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Rising Costs Tarnish Outlook for DuPont
02/23/2012 2:00 pm EST
A big spike in raw materials costs that the world’s leading chemical producer won’t be able to pass on to customers is a compelling reason to sell the shares.
Not so long ago—in my long, long February 21 post—I said that for the first half of 2012, earnings growth would come under pressure as companies found demand strong enough to push up the cost of raw materials, but not so strong that they would be able to pass all those increases through to customers. Keep an eye out for companies facing that problem, I advised, and when you find one in your portfolio, sell it.
That is why I’m selling DuPont (DD) out of my 12-18 month Jubak’s Picks portfolio today. (I still like the longer-term picture for DuPont, so I’m keeping it in my Jubak Picks 50 portfolio—especially since the rules of that portfolio only allow selling once a year in January.)
There are lots and lots of reasons to like DuPont for the long term—its seed business and its enzyme business to name just two sources of long-term growth. And with natural gas, a major feedstock for many chemicals, stuck in a very long-lasting slump, DuPont doesn’t face rising raw materials costs for many of its products.
Except for titanium dioxide. And that’s a huge problem.
DuPont is the world’s biggest producer of titanium dioxide, the white pigment crucial to making paint in all colors. DuPont’s performance chemicals segment makes up 20% of the company’s sales, and titanium dioxide accounts for 44% of that.
The long-term prospects for sales of titanium dioxide are great since as incomes rise in developing economies, those countries use more paint. Currently, for example, China uses less than one kilogram of titanium dioxide per capita compared to four kilograms in developed economies.
The problem is that the world is experiencing a bit of a titanium dioxide squeeze because the supply of mineral sands with high concentrations of titanium dioxide such as rutile and ilmenite hasn’t kept up with supply. In 2011, the cost of rutile climbed 77% while the price of titanium dioxide climbed just 38%.
Can you say margin squeeze?
In its long-term guidance for Wall Street analysts in December, DuPont said that margins for the performance chemical unit would come in at 24% for 2011 as a whole, but projected a drop to 18%-20% in 2012 and after.
That didn’t trouble me greatly when DuPont gave that guidance in December because the stock was still relatively cheap then. But DuPont’s shares have climbed 13.6% in 2012 (through February 21), and that means the margin squeeze in titanium dioxide matters more.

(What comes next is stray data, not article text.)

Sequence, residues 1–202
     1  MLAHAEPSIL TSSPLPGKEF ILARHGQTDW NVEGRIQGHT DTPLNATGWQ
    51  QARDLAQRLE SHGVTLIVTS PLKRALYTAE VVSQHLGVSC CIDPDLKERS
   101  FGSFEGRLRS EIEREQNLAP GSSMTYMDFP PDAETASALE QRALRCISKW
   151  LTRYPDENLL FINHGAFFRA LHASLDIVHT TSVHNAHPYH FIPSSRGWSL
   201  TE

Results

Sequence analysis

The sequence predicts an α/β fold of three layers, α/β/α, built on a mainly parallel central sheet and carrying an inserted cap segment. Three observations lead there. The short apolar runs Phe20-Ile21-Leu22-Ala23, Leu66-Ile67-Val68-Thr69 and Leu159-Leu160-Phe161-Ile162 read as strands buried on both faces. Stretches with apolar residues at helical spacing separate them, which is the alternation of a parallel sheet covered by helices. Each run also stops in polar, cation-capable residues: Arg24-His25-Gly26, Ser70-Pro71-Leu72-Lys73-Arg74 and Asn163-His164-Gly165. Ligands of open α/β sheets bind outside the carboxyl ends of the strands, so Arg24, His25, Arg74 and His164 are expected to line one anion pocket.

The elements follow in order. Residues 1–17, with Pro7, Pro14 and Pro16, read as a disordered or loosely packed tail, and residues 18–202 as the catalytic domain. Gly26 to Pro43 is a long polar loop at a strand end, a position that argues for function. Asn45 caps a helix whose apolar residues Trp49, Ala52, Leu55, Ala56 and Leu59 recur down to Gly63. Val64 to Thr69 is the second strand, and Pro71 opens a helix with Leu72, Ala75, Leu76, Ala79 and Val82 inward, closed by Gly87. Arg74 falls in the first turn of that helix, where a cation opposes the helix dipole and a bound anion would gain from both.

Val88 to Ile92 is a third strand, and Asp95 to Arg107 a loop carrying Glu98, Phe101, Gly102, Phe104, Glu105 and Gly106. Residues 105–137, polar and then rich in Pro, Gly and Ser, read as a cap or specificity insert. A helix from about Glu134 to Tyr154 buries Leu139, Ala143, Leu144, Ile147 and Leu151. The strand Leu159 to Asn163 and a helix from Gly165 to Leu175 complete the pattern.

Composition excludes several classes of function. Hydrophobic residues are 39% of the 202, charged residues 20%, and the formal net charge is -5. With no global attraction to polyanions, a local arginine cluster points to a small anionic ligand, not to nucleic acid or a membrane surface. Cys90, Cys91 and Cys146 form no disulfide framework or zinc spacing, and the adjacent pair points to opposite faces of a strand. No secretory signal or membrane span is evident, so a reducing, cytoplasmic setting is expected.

What else has changed since I last updated this stock on January 30?
I’ve learned more about the mineral sands mining industry. Not only is there a current lack of rutile and other mineral sands with big concentrations of titanium dioxide ore, but also there aren’t many mining companies with plans far enough along to add to supply soon.
For example, Rio Tinto (RIO), which mines about 25% of the world’s ilmenite, will spend $60 million to study expanding mines in South Africa, Canada, Madagascar, and Mozambique. If the study plays out, the company would be able to add new supply in 2017.
Just about the only mineral sands miner with new capacity coming on line now is Kenmare, an Irish company that trades in London (KMR.LN). As you might imagine under this kind of tight supply scenario, shares of Kenmare have been the subject of endless acquisition rumors.
The most recent is a rumor of what looks like an unlikely acquisition by Rio Tinto. The combination would put together so much of the world’s supply of titanium dioxide minerals that, the skeptics say, the deal wouldn’t pass anti-trust muster. That skepticism hasn’t stopped shares of Kenmare from climbing 87.5% from November 22 through February 22.
With the tight supply and rising cost of titanium dioxide raw materials likely to persist for quite some time, and with DuPont customers pushing back on titanium dioxide prices, I’d like more than the 13% potential gain I forecast for DuPont’s share price in 2012. (DuPont also makes auto paint, but that business is much smaller—12% of sales versus 20% for performance chemicals—and much, much less profitable—5% of pretax operating income versus 22%. Titanium dioxide is the big dog here.)
The risk/reward ratio just isn’t all that attractive right now (even with the stock’s 3.2% dividend yield—by the way the record date for the next dividend payment was February 15), so I’d take profits here from this rally. I’m selling today with a 7.8% gain since I added the stock to Jubak’s Picks on November 2, 2011.
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